switch to pellet stoves, the toll that generally gets their attention

is that hit to the wallet occasioned by helium-like rises in heating

costs.

Prices for pellets have gone up significantly this year, but are still

far lower in cost than traditional fuels. "There’s a price ladder,"

says Cosentino. "Right now it’s coal, pellets, corn, split wood,

natural gas, oil, propane, and electric. The rungs change a little

bit. Gas may go in front of oil, but coal is locked at the bottom and

electric at the top."

Pellets are often sold in 40-pound bags. The price for a bag ranges

between $4 and $7. Premium wood pellets produce less ash, which means

fewer stove clean-outs, and cost more than standard wood pellets.

Delivery, offered by many stove dealers, pushes the price toward the

high end. Buying in bulk, a ton at a time, reduces the price. The cost

of enough pellets to fuel a stove for a winter is about $645,

according to Melissa Brobst, who sells stoves for SOS Stove and

Fireplace Shop (www.sosstoves.com), a Port Murray-based dealer, which

services central New Jersey.

Brobst, too, reports that demand "is up tremendously" this year.

"People are looking for alternative heat sources," she says, "and

pellet stoves are by far the easiest." No splitting, stacking, or

hauling of wood is required. She finds that this is appealing to some

older customers.

Installion also can be easier. Unlike wood stoves, which burn hot, and

therefore need to be installed several feet from a wall, pellet stoves

are "cool boxes" and need only an inch of wall clearance. They do not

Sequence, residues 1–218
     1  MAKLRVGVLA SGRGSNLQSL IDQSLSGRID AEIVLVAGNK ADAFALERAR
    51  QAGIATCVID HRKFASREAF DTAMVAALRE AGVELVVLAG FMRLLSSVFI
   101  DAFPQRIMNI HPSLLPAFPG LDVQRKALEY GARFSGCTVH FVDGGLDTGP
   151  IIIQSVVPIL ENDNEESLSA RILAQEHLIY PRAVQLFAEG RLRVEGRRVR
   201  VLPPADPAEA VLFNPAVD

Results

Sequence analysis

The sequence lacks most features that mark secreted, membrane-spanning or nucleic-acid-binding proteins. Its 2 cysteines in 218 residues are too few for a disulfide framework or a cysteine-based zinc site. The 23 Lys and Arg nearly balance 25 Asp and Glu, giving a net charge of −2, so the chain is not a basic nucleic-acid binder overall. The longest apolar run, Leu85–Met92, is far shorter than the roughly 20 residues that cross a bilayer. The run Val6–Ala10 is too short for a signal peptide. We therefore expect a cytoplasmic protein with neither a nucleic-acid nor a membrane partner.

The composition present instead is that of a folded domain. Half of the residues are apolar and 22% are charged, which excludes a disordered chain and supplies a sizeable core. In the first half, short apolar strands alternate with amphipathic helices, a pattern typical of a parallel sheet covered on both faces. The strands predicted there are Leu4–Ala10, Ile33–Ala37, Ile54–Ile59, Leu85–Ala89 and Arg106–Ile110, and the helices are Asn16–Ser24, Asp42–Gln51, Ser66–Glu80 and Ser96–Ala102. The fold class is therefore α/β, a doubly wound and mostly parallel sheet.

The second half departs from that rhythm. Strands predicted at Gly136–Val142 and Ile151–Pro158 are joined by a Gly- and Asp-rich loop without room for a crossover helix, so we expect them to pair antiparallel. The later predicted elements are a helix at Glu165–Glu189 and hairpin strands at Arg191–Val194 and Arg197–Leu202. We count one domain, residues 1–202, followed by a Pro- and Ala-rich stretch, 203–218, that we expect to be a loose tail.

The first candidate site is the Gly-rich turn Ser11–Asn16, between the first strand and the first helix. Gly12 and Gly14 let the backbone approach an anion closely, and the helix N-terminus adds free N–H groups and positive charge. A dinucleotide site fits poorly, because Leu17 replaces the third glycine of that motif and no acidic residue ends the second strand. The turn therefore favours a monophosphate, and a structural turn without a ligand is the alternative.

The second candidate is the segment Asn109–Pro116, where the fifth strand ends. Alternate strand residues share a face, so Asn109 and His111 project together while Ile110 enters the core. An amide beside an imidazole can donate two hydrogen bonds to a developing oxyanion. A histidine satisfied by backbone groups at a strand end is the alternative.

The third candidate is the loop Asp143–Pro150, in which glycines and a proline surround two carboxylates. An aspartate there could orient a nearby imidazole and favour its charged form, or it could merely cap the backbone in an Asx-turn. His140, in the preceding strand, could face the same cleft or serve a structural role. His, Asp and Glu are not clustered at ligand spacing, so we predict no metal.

need to go up through a roof, but rather can be vented through a wall,

much the way that clothes dryers are. There is no need to run a

chimney pipe up the outside of a house. They can also be placed into

an existing fireplace.

Stoves cost between $2,199 and $3,440, says Brobst. The pipe for

venting through a wall adds about $200, and the chimney liner needed

if the stove is to be installed in a fireplace costs about twice that

amount. Installation adds about $495 more. The stoves that Brobst

sells can heat up to 2,200 square-feet of space. Cosentino says pellet

stoves that heat even greater spaces, and do so by central heating in

much the way that gas and oil furnaces now do, will soon be available.

High-end pellet stoves come with thermostats, giving them another

advantage over wood stoves, whose heat is nearly impossible to

modulate.

Negatives include the fact that pellet stoves include fans that

require electricity. So if the power is out during a blizzard, the

stove will not work. However, battery back-up packs are available.

They use just two or three amps, says Cosentino, and they keep the

stove going for six days. It is even possible to rig the batteries so

that they come on automatically in a power outage.

Hauling all of those pellets could become a nuisance, but delivery is

available, and a ton of pellets takes up relatively little room –

about half the space of a cord of wood. If the pellets are made of

corn, though, watch out, warns Cosentino, who says that rodents can be

drawn to the fuel as a food source. Shortages could also plague

homeowners who depend on the stoves. This winter a number of

dealerships have closed down pellet sales to all but their own

customers.

Cosentino envisions a day – not all that far away – when new

businesses will grow around pellet delivery. He sees the pellets being

fed pneumatically into in-home storage boxes. It’s a low-tech

business, but it may be a niche that will rival Internet start-ups in

appeal if fossil fuel costs continue to erode homeowners’ budgets in

much the way that mice can deplete unsecured stores of corn pellets.

– Kathleen McGinn Spring